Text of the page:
"We're so pleased to see your bright, shiny faces -- including those of the adults," Judith Schwartz said over the intercom at Lutherville Elementary School about 9:15 yesterday morning.
Not long before, the principal of Baltimore County's newest school greeted parents, students, teachers and visitors in the halls of the renovated building, which closed 10 years ago because of declining enrollment. And she was certainly one of those smiling. Opening the school was a little "like I was going on stage," she said. "I'm feeling pretty good now."
There were grand openings all over the county as almost 96,000 students made their way to the first day of classes in 149 schools.
Down York Road at the new Carver Center for Arts and Technology, faculty and staff members actually applauded when the first buses arrived shortly after 7 a.m., Principal Mary Cary said. And most people were still smiling at lunchtime, when the students in one of the county's seven new magnet programs crowded into the lobby for lunch.
Carver's cafeteria isn't finished, so for the next few weeks students will eat in the lobby and on the "terrace," also known as the front steps. Some classrooms don't have doorknobs, and at least one bus from the west side was late when the driver failed to show up. And school security was breached by a squirrel that had to be chased from the premises.
Otherwise, said Ms. Cary, the former Central School of Technology, which now specializes in arts and technology, opened to 450 new ninth- and 10th-graders with few problems.
Elsewhere around the county, officials said opening day went smoothly. There were the usual mishaps: buses that forgot to stop, schedules that didn't work out, classrooms that were crowded and the usual tears from young students not quite ready for school.
But on the whole, "it looks really good," said Myra Treiber, school system spokeswoman. Superintendent Stuart Berger, who hit at least 10 schools on a whirlwind tour, called it "a good day" during a late-afternoon stop at Carver.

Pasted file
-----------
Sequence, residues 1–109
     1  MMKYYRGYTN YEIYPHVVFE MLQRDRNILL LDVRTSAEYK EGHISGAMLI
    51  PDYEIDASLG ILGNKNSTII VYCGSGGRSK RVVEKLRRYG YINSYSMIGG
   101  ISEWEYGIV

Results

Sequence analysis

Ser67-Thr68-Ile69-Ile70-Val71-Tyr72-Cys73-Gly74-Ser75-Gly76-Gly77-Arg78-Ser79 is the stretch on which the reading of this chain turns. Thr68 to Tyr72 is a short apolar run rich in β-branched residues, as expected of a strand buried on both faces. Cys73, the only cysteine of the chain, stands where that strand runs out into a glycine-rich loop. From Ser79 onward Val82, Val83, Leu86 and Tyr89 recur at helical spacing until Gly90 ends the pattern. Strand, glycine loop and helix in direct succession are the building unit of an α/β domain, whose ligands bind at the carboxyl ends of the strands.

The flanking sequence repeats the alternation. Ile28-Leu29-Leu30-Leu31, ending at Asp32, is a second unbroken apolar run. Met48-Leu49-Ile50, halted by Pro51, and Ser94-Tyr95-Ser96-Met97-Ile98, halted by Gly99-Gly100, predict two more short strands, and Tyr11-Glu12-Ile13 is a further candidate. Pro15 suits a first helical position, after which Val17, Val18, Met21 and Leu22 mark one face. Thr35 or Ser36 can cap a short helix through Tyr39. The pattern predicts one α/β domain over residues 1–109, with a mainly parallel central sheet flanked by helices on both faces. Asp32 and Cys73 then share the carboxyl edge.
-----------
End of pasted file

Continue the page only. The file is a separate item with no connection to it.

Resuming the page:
It was certainly a good day for Tom DeGraziano, coordinator of the new magnet program in mathematics, science and research at Woodlawn High School. "It's all going great," he said as the school day waned. "This is my baby. This is my dream."
The ninth-grade magnet students account for 72 of Woodlawn's 1,600 students. Half are female, half are members of minority groups, and all had high scores on a test of critical thinking.
"The people are friendly," said Jenny Crabb, 14, of Catonsville, as she finished her first day at Woodlawn. "The teachers seem in control, and they know what they're doing."
Jenny is taking biology, chemistry and scientific research and experimentation -- all at once -- along with Algebra 2 and geometry, English, social studies and a foreign language.
It's a lot of work, "but that's what I wanted," she said.
School officials estimate this year's enrollment at 95,800, about 2,600 more than last year. Though the 3,000 students enrolled in the seven new magnet programs are getting a lot of attention, they are not the only innovations as Dr. Berger's second year at the helm begins.
There are nearly 500 new teachers, new administrators, new report cards, new scheduling in some schools and a new way of running things called site-based management, which gives principals more authority over their schools.
Some teachers complained about new policies and programs, especially changes in middle school management and the controversial placement of children with disabilities in DTC neighborhood schools. Some said the uneasiness of last spring has not subsided and will affect teaching.
But administrators praised their teachers, many of whom gave up some of the last days of their summer vacation to prepare for the school year.
Ken Burch, principal at Western School of Technology and Environmental Science, another new magnet program, said his teachers were the main reason the program opened so smoothly there.
"I couldn't have asked for a better day. I really attribute that to the four days the teachers came in and worked last week. Many of the [anticipated] problems were resolved by the teachers," he said.
At Lutherville Elementary, Ms. Schwartz also had high praise for the new crew.
"They are really just a unique group," she said. "I have not had the unique experience of being somewhere where everyone [who is there] wants to be there."